You would think that a pastor and a youth minister would have no problems praying together morning and evenings for thirty days straight, right? Wrong. For both of us, making time for prayer is often a struggle. Sometimes, our vocations even seem to be part of the problem. When you’re called on daily (sometimes, several times per day) to pray publicly, it can be easy to feel like your prayer life is in good shape. But we’ve realized that’s only an illusion. If we didn’t set aside time with God outside of our work responsibilities, we found that our spiritual lives struggled. And when we don’t spend time in prayer together, a vital part of our relationship with each other is missing.
During Lent (I know, this is really late), we decided to pray together in the mornings and evenings. We used the book Common Prayer: A Liturgy for Ordinary Radicals, which both of us had previously used. We found it to be very helpful. It allowed us some spontaneity and space for extemporaneous praying, but also provided us with structure, which was very helpful on those days when we just didn’t have a lot to say. And as an introvert who is rarely inclined to use two words when one will do, I seem to have those days pretty often. We also really benefited from praying prayers from scripture and the wider Christian tradition. Particularly, I really felt the Spirit move when praying the Lord’s Prayer, the Doxology, Mary’s Magnificat, Simeon’s Song, and the Gloria Patri.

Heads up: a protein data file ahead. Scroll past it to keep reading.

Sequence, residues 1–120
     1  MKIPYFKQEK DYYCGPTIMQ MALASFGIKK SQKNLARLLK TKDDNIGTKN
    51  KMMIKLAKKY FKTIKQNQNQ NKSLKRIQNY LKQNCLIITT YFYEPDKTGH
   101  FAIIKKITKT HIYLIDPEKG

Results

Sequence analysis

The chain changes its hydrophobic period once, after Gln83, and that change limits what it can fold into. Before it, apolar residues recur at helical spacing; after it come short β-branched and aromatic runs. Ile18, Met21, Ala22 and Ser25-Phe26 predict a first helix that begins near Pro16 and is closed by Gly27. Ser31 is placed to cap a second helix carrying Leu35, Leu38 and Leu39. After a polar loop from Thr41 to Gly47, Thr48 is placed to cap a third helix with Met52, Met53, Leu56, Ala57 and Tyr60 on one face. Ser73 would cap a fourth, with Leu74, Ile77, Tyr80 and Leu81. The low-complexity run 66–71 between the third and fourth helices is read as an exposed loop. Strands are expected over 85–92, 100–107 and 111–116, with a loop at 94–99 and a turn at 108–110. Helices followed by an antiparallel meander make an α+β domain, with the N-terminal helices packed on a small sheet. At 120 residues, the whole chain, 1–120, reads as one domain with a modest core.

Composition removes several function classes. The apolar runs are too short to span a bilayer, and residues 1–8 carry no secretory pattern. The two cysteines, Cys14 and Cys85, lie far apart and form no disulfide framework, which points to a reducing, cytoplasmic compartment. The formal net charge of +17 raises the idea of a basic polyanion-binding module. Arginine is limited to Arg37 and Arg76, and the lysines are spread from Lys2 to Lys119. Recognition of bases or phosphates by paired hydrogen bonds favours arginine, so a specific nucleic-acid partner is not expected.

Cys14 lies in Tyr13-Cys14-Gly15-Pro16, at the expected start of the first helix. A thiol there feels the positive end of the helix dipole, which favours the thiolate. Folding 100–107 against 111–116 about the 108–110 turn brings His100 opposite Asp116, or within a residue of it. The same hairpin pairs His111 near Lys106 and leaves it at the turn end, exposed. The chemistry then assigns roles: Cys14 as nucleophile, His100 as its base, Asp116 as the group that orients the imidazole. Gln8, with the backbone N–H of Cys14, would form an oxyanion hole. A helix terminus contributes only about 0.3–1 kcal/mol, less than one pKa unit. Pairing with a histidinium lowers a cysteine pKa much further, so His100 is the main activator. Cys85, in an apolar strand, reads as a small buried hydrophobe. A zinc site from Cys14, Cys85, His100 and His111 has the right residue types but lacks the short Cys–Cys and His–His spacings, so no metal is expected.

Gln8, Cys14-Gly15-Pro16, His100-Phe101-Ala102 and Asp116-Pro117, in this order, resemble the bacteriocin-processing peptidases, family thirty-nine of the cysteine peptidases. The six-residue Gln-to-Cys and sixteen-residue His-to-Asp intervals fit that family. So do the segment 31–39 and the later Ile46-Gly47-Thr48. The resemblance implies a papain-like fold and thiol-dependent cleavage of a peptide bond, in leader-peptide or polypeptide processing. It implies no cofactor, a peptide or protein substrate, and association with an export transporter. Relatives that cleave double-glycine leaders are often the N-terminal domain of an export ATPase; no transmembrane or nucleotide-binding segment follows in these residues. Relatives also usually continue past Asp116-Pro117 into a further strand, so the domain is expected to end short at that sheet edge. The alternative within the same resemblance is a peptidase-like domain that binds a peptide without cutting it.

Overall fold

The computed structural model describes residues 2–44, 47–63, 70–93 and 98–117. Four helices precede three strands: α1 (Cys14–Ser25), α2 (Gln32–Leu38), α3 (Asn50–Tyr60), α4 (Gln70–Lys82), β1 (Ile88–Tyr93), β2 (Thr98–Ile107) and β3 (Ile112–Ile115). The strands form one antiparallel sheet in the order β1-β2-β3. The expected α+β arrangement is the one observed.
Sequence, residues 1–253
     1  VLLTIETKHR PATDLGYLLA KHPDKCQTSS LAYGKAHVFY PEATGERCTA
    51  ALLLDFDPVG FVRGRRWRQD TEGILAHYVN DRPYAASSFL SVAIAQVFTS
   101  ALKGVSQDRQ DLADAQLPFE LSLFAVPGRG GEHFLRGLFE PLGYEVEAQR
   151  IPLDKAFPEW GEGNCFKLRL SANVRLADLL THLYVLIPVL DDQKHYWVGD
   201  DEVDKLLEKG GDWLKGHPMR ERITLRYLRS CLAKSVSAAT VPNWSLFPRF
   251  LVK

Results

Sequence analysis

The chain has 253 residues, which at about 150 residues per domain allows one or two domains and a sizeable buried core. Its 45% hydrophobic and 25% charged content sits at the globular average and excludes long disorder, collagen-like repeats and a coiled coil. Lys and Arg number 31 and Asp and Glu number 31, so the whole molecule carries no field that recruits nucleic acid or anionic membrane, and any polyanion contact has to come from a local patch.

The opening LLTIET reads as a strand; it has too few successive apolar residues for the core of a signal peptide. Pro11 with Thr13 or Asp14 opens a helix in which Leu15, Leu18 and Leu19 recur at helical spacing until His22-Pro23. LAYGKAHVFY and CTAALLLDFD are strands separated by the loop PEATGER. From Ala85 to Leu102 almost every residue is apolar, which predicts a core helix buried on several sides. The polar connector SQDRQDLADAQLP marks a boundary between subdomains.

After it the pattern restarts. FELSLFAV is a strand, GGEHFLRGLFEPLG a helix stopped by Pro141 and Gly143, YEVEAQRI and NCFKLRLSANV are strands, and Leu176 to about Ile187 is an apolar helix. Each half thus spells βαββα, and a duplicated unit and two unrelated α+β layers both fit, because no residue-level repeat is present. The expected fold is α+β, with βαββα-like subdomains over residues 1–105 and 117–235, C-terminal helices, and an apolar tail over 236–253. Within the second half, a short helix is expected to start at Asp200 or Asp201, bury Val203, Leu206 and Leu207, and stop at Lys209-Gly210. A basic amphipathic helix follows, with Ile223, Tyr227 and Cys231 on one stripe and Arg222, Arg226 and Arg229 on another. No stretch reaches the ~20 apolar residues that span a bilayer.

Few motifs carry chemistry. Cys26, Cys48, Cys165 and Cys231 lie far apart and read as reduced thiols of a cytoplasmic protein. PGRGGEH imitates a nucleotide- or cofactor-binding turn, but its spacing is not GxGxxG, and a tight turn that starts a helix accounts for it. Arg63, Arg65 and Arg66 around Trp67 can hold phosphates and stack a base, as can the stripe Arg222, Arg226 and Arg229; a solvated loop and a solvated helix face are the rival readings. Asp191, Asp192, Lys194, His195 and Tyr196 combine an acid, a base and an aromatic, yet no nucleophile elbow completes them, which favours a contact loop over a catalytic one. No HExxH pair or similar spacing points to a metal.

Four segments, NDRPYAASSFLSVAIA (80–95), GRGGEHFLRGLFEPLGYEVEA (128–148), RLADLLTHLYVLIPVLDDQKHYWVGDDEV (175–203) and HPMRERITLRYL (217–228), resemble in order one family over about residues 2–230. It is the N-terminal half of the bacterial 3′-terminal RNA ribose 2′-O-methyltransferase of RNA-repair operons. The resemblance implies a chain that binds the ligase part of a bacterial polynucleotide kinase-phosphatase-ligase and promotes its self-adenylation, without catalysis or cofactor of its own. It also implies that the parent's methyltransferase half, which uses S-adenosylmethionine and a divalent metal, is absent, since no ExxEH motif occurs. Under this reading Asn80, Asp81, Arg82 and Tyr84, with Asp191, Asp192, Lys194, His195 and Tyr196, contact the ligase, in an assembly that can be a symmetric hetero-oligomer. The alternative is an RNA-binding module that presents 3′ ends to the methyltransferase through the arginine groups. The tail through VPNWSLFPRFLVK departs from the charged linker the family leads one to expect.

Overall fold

One of the things that we found particularly helpful was the prayer of confession during evening prayer. Sometimes, it would be an opportunity to confess to one another the ways that we’d failed to love one another during the day. Sometimes, it’d be playful (“Sorry my wife is a annoying”), and sometimes there were opportunities for confession that weren’t taken. But overall, it provided us with an opportunity to reflect on where we fell short in our relationships with God and one another, and our marriage benefited from that.
Predictably, we fell off the wagon shortly after Lent ended. Committing to praying together for a set time period was easier than maintaining the practice indefinitely. And while there were definite benefits to our relationship, praying together didn’t make everything all of a sudden magical. But there was something very right about beginning and ending our days together by offering ourselves to our creator in prayer, and I hope that’s a practice we will engage in more faithfully in the future.
What prayer practices or spiritual disciplines have been helpful for you?
May the peace of the Lord Christ go with you,